My sister in law recently sent through a video of my 5 year old niece riding her bike without stabilisers for the first time. There were a few wobbly moments and some interesting stopping techniques, but her laughs of joy were evident on the audio, as were her mother’s expressions of concerns and anxiety, especially as the bike and rider veered sharply towards a tree. My sister in law told me later that she found letting go of the bike extremely difficult to bring herself to do. The desire to hold on ran deep.
It brought me back to thinking about resilience again, the topic of last month’s blog. One key aspect of resilience is the ability to be “OK” with failure, to see failure and disappointment as part of life’s learning process and not to be afraid or ashamed of it. Kids have these types of experiences all the time; learning to ride a bike, taking a maths exam or standing up and speaking in front of a group for the first time. As adults, we tell them that it is OK to fall off, to get half the sums wrong or forget their lines, as long as they have tried their best. We also tell them that the most important thing is to get back on the bike and try again. The temptation to prevent failure happening to kids is enormous, but we recognise that stopping them falling or failing isn’t helpful for them in the long run. However, the suggestion by many psychologists is that there is an increasing trend for parents to try and shield their children from failure and disappointment and to fix things that go wrong for them at school and in the playground; the so-called Helicopter parents. In doing this, they are preventing the development of resilience that is so essential in adult life. This behaviour from parents and a fear of failure that it creates in their children is blamed, in part, for increasing levels of anxiety and depression, a lack of self confidence and a lack of initiative in this group of young adults.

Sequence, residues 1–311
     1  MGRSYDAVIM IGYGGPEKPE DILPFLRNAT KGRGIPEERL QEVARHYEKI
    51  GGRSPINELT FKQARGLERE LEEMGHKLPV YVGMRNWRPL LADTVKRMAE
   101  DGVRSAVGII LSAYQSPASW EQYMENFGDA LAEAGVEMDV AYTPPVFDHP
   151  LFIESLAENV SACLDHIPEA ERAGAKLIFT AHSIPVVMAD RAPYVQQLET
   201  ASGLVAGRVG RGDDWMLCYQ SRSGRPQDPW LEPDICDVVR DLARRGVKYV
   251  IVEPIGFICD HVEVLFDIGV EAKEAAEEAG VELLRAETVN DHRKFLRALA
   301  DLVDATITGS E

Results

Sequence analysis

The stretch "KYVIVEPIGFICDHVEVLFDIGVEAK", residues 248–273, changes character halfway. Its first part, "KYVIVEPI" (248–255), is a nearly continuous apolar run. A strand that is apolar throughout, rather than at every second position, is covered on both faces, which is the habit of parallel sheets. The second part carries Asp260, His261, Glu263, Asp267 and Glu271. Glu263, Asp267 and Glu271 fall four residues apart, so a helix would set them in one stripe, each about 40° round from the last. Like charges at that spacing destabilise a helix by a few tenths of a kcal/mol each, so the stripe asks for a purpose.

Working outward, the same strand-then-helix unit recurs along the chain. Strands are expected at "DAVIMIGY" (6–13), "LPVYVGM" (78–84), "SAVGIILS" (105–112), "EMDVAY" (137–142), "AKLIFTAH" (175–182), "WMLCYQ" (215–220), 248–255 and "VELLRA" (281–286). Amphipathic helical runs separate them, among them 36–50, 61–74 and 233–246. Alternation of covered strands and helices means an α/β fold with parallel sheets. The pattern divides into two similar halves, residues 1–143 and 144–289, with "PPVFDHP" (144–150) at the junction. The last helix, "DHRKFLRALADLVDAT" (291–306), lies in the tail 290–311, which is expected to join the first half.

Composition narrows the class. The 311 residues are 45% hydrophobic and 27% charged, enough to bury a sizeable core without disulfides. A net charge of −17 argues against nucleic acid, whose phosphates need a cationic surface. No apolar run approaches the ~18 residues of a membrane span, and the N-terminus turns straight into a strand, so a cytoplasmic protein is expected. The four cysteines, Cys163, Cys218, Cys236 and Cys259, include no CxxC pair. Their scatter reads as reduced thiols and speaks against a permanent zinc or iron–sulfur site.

Resilience isn’t something you either have or don’t have though. It is something you develop and work on throughout life. One component of developing resistance is the need to push yourself outside your comfort zone. As adults, the desire to stay within our comfort zone and avoid putting ourselves out there grows stronger. Life is tough enough as it is, we think; why would we want to make it any tougher by challenging ourselves? And staying in your comfort zone is completely reasonable at times – it gives us the freedom to relax and the headspace to think about what we want from our lives. But we need to push our personal boundaries if we want to get that new job or promotion, visit that exotic country, master that black ski slope or stand up and speak at our best friend’s wedding. It is what we need to do to achieve things in life and grow as human beings.
Many people have told me that one of the key things to being successful is keeping your options open and taking opportunities when they are offered to you. This requires us to be willing to step outside our comfort zones, to think positively about the chance of success, but also to know that if we fall, we just have to get back up on the bike and have another go at it.